An act of self-destruction

The torched mosque in Beduin village of Tuba-Zangariyya is not something that I, or anyone concerned about future of Israel, should ever forget.

Surveying the damage to the Tuba-Zangariyya mosque DONT USE (photo credit: MATI MILSTEIN)
Surveying the damage to the Tuba-Zangariyya mosque DONT USE
(photo credit: MATI MILSTEIN)
The torched mosque in the Beduin village of Tuba-Zangariyya, in northern Israel, is not something that I, or anyone concerned about the future of Israel, should ever forget.
The mosque was torched in the early hours of October 3 – according to all accounts – by a group of Jewish fanatics. it was apparently another outrage in a so-called “price-tag” campaign of escalating terrorism, routinely directed at Palestinians in the West Bank, but now also towards Arab citizens, who make up some 20 percent of Israel’s 7.7 million citizens.
I visited the fire-bombed mosque as part of a diverse delegation of NGO representatives, working together on “Kulanana,” an ambitious new initiative to shape a better shared future for all citizens. While my colleagues and i represent a very broad spectrum of Israeli opinion, this despicable hate crime galvanized us together. after all, it is hard to imagine a more direct attack on the three interlocking themes underpinning our collaboration: the importance of “citizenship,”, respect for the “diversity” that characterizes Israeli society and the moral and pragmatic importance of “fairness” for the benefit of all citizens, and the State of Israel..
We were graciously hosted by the imam and other community leaders. The Jews in the delegation, secular and religious, immigrant and veteran, brought with us a deep sense of revulsion, shame and responsibility. The Arab delegation members brought with them a mixture of outrage, fear and overly generous appreciation for the solidarity of Jewish-Israeli friends and colleagues. Together, we brought with us a unified message of human, religious and civic solidarity – and some new prayer-books for the community.
I am a Jewish-Israeli Zionist, who moved to Israel over 30 years ago and I am an educator for shared citizenship, working to build a more cohesive shared future for citizens of all backgrounds. For me, the visit, which took place just after Yom Kippur, was as emotionally painful as it was professionally exasperating.
Standing in the blackened, acrid-smelling prayer hall, with its broken ceramics and shattered glass, and above all the charred piles of prayer-books, I felt as though a burning spike was being driven through my Jewish soul. While I know that no historical parallels can be made, the scene took my Jewish memory and conscience to the very darkest of Jewish moments, to that night in 1938 – Kristallnacht – when the synagogues of Europe burned with the fuel of blind hatred toward everything Jewish.
Sitting with our hosts outside the mosque, sipping soft drinks and bitter coffee (a symbol of mourning), we all had opportunity to speak. I took my turn to reflect that the attack had assuredly not been directed specifically at Tuba-Zangariyya. In my view, I told our hosts, the perpetrators certainly hate all things Muslim and indeed all who think and live differently from themselves, including me.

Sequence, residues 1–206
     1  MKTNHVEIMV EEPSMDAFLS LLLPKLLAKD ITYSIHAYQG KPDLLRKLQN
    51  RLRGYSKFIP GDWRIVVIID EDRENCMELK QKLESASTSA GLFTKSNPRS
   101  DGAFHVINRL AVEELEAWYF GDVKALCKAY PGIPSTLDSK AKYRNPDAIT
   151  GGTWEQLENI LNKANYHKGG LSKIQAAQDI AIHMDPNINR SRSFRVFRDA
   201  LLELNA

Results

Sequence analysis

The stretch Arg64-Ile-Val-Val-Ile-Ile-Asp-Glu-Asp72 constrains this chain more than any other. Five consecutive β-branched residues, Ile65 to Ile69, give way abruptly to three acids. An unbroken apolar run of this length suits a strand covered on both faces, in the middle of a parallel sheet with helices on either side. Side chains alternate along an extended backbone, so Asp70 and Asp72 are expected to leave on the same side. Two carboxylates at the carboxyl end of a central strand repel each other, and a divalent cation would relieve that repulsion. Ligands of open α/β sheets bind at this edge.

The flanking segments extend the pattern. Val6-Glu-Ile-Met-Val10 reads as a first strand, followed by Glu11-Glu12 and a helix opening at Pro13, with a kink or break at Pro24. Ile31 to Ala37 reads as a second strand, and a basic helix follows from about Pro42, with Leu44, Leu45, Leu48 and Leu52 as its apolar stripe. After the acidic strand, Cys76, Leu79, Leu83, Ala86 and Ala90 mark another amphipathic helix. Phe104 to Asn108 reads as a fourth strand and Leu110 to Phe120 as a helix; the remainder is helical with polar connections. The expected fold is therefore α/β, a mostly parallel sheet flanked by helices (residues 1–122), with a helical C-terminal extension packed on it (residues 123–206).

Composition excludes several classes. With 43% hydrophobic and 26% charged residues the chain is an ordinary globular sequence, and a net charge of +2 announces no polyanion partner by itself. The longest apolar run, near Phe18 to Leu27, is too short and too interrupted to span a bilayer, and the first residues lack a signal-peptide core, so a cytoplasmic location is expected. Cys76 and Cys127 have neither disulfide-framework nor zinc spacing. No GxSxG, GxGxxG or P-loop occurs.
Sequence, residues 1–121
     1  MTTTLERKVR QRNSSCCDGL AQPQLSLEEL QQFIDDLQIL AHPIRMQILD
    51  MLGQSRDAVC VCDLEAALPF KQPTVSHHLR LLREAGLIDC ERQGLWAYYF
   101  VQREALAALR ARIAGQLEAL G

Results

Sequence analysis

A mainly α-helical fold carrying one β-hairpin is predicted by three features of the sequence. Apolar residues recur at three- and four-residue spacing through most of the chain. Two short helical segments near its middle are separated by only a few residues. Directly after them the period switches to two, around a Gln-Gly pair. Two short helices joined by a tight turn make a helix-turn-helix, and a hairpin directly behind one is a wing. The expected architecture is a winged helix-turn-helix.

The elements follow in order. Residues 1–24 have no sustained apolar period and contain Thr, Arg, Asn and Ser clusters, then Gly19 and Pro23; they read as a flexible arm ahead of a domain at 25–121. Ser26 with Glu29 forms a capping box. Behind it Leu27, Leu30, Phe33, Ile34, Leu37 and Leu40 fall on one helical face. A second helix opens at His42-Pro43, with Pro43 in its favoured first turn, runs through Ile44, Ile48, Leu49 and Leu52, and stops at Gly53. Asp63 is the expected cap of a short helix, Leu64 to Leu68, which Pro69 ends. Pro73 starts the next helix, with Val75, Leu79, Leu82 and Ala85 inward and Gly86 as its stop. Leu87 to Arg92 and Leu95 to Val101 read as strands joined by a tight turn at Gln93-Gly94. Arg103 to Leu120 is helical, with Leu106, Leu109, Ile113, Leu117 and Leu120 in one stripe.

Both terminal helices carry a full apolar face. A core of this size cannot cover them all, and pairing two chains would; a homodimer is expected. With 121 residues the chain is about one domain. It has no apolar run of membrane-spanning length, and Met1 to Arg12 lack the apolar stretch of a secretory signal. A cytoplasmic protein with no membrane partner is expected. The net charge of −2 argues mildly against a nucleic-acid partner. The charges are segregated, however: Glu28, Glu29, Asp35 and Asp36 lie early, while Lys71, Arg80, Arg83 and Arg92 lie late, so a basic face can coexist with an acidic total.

My natural sense of human, Jewish, Israeli moral outrage is matched only by my exasperation at the sheer self-destructiveness of the act, and my belief that it – and other atrocities that I know are still to come – have, to some extent, been encouraged by racist voices within Israel’s government and by certain extremist rabbis.
In 14 years of intensive work and through my relationships with many hundreds of Arab citizens of Israel, I have become convinced that together, Jewish and Arab citizens can shape a decent shared future. However, this demands and deserves a far greater effort of understanding by much of the state’s 80 percent Jewish majority – and all who care about Israel – not to mention some enlightened Jewish self-interest.
For all the current difficulty, I and many others working on these critical issues remain confident that the human, cultural and civic aspirations of Israel’s Arab citizens can and must be constructively accommodated by the Jewish majority and government. The human, social, political, economic, regional and international benefits for Israel are as patently great as the existential cost of largely self-inflicted failure.
While, certainly, a successful shared future for Jewish and Arab citizens will become much easier once regional accommodation is secured and mutual fears retreat, this task – as successive governments have acknowledged – cannot be put on hold.
Looking at the charred Koran on my desk – presented to me by the imam as witness to blind hatred – I can only determine to redouble my efforts and hope that the mosque-burners will inadvertently catalyze the kind of change that Rabbi Jacob Rothschild – a prominent Jewish voice of the American civil-rights movement – attributed to the white supremacists who bombed the Temple on Peachtree Street Atlanta, almost 53 years ago to the day of the mosque burning:
“This despicable act has made brighter the flame of courage and renewed in splendour the fires of determination and dedication. It has reached the hearts of men everywhere and roused the conscience of a people united in righteousness. All of us together shall rear from the rubble of devastation a city and a land in which all men are truly brothers and none shall make them afraid.” 
Mike Prashker is founder and director of Merchavim – The Institute for the Advancement of Shared Citizenship in Israel and initiator of Kulanana.